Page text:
Finding the sea route to India.

But then Vasco da Gama found the sea route to India, and everything changed. This man hand found the sea route to where everybody wanted to go, the famous spice place, India. Now all of a sudden, he was GOD, and everything he wanted or said, was accomplished.

The government decided, as he had complained about the little sanctuary, that it was going to be demolished, and be replaced by a new, bigger monastery.

Origin of the tarts.

The construction of what was going to be the monastery of the jeronimon monks started 1502, and it took them 99 years to finish. In 1601, the monks moved in.

At the beginning, it was only a monk monastery, but it is said that a while there were nuns here as well, and it supposedly were the nuns that taught the monks how to make the famous custard tarts, the tarts that are today known over almost all the world. Later, it became an all monk monastery again.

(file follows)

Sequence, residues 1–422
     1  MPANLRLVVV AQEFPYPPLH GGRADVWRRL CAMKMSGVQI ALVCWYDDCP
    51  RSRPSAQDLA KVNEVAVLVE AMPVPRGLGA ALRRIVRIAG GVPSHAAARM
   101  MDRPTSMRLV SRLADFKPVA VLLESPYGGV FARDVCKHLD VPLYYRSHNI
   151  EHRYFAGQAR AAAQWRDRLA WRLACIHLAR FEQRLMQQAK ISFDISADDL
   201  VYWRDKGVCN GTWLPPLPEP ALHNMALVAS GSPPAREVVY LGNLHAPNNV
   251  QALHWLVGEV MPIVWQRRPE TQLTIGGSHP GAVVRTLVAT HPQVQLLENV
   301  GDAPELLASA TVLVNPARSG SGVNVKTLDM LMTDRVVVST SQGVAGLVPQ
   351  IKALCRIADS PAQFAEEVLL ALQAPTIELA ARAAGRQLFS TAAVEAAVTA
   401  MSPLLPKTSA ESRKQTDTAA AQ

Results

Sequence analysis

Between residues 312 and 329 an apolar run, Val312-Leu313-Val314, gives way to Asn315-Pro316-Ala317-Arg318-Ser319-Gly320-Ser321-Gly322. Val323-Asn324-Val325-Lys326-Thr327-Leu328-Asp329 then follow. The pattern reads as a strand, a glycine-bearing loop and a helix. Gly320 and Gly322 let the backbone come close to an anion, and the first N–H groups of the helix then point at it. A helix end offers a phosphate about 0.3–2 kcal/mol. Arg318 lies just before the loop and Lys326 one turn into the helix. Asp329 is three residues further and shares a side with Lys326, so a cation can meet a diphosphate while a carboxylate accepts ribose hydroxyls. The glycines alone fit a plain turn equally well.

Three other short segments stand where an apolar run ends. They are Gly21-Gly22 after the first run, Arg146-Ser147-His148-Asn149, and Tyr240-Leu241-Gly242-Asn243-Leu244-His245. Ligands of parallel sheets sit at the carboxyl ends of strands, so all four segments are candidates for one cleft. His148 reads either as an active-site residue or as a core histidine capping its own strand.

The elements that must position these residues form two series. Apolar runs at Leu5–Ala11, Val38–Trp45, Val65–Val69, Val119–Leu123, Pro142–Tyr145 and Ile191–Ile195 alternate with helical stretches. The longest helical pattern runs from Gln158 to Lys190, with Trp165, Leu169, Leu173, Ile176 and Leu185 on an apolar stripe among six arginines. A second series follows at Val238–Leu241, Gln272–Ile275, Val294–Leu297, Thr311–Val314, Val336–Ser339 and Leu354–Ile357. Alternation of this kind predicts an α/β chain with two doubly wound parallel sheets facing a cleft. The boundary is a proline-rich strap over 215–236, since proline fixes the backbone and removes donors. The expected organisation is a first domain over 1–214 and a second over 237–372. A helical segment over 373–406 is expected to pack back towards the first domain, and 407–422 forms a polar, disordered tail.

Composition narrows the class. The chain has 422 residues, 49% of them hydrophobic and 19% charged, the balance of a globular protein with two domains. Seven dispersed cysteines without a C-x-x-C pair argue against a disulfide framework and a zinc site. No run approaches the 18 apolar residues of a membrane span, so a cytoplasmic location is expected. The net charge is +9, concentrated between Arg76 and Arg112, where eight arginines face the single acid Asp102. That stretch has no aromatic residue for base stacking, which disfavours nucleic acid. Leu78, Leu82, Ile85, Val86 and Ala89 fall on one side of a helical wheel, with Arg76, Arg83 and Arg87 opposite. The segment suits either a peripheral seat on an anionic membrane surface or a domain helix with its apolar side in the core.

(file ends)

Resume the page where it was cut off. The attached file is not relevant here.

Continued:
Miracle!

In 1755, the great disaster struck Lisbon, firstly the earthquake, and then a tsunami. Although closer to the ocean than the actual city of Lisbon, Belém and its buildings were not to badly damaged, the monastery escaped with only a "few scratches", which were repaired in short time.

Church of course, saw this as a miracle, and now started campaigning for people to devote themselves to christ, and swung a massive popularity, something not to popular with the portuguese crown.

End of the reign.

The monks stayed at the monastery until 1834. During this time period, the portuguese government was loosing many of their colonies and needed money for warfare. There was a politician that got ideas (can you believe it?) and decided that as the religious orders were standing on portuguese soil, they therefor belonged to the portuguese crown. He expelled many religious orders from their monasteries and cloisters, closed the buildings and put them up for sale to make money for the government.

Things never go as you plan.